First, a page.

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Characterizing Twitter Discussions About HPV Vaccines Using Topic Modeling and Community Detection

Overview of attention for article published in Journal of Medical Internet Research, January 2016
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About this Attention Score

  • In the top 25% of all research outputs scored by Altmetric
  • High Attention Score compared to outputs of the same age (86th percentile)
  • Above-average Attention Score compared to outputs of the same age and source (54th percentile)

Mentioned by

twitter
22 tweeters
facebook
2 Facebook pages

Citations

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28 Dimensions

Readers on

mendeley
95 Mendeley
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Title
Characterizing Twitter Discussions About HPV Vaccines Using Topic Modeling and Community Detection
Published in
Journal of Medical Internet Research, January 2016
DOI 10.2196/jmir.6045
Pubmed ID
Authors

Didi Surian, Dat Quoc Nguyen, Georgina Kennedy, Mark Johnson, Enrico Coiera, Adam G Dunn, Surian, Didi, Nguyen, Dat Quoc, Kennedy, Georgina, Johnson, Mark, Coiera, Enrico, Dunn, Adam G, Adam G. Dunn

Abstract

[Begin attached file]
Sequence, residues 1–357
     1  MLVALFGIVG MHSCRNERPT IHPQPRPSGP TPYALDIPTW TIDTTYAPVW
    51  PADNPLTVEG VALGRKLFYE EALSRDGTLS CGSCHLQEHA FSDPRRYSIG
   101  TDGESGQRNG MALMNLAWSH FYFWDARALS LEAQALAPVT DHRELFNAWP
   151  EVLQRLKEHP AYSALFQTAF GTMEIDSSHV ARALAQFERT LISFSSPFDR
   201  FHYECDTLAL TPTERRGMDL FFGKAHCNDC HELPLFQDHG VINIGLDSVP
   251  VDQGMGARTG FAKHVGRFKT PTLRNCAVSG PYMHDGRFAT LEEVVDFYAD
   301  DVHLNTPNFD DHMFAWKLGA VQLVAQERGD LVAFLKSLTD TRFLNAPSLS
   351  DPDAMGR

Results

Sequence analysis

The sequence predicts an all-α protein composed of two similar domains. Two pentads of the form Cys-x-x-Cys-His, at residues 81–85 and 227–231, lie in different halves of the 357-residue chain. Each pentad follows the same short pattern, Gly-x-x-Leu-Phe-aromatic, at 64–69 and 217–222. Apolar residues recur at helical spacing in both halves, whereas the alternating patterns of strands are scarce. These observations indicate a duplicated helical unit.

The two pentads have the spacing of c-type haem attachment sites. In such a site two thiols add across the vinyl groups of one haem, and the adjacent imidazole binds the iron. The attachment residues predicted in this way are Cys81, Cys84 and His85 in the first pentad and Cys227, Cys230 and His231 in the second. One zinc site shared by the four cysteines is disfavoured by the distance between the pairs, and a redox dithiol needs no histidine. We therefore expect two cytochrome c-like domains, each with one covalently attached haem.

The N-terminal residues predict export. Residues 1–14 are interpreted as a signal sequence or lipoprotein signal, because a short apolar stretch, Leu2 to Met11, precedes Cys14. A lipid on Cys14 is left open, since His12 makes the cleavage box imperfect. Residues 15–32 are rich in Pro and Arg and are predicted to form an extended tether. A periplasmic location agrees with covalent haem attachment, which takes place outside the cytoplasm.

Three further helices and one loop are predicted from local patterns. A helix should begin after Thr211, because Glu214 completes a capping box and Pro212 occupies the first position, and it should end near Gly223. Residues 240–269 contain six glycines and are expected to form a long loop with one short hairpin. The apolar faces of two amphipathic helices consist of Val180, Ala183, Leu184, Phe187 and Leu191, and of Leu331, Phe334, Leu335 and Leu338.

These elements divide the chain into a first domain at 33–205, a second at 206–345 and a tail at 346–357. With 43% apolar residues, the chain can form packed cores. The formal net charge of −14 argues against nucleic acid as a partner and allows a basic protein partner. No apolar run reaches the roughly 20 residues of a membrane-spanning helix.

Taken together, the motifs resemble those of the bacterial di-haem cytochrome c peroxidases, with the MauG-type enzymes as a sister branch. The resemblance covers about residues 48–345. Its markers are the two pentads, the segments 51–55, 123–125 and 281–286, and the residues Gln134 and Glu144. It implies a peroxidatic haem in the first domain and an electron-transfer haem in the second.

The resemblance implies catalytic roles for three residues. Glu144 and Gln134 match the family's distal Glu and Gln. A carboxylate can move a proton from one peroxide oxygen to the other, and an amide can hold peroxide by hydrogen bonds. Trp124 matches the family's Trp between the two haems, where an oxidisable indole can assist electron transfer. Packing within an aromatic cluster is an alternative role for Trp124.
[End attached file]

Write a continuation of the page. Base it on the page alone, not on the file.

In public health surveillance, measuring how information enters and spreads through online communities may help us understand geographical variation in decision making associated with poor health outcomes. Our aim was to evaluate the use of community structure and topic modeling methods as a process for characterizing the clustering of opinions about human papillomavirus (HPV) vaccines on Twitter. The study examined Twitter posts (tweets) collected between October 2013 and October 2015 about HPV vaccines. We tested Latent Dirichlet Allocation and Dirichlet Multinomial Mixture (DMM) models for inferring topics associated with tweets, and community agglomeration (Louvain) and the encoding of random walks (Infomap) methods to detect community structure of the users from their social connections. We examined the alignment between community structure and topics using several common clustering alignment measures and introduced a statistical measure of alignment based on the concentration of specific topics within a small number of communities. Visualizations of the topics and the alignment between topics and communities are presented to support the interpretation of the results in context of public health communication and identification of communities at risk of rejecting the safety and efficacy of HPV vaccines. We analyzed 285,417 Twitter posts (tweets) about HPV vaccines from 101,519 users connected by 4,387,524 social connections. Examining the alignment between the community structure and the topics of tweets, the results indicated that the Louvain community detection algorithm together with DMM produced consistently higher alignment values and that alignments were generally higher when the number of topics was lower. After applying the Louvain method and DMM with 30 topics and grouping semantically similar topics in a hierarchy, we characterized 163,148 (57.16%) tweets as evidence and advocacy, and 6244 (2.19%) tweets describing personal experiences. Among the 4548 users who posted experiential tweets, 3449 users (75.84%) were found in communities where the majority of tweets were about evidence and advocacy. The use of community detection in concert with topic modeling appears to be a useful way to characterize Twitter communities for the purpose of opinion surveillance in public health applications. Our approach may help identify online communities at risk of being influenced by negative opinions about public health interventions such as HPV vaccines.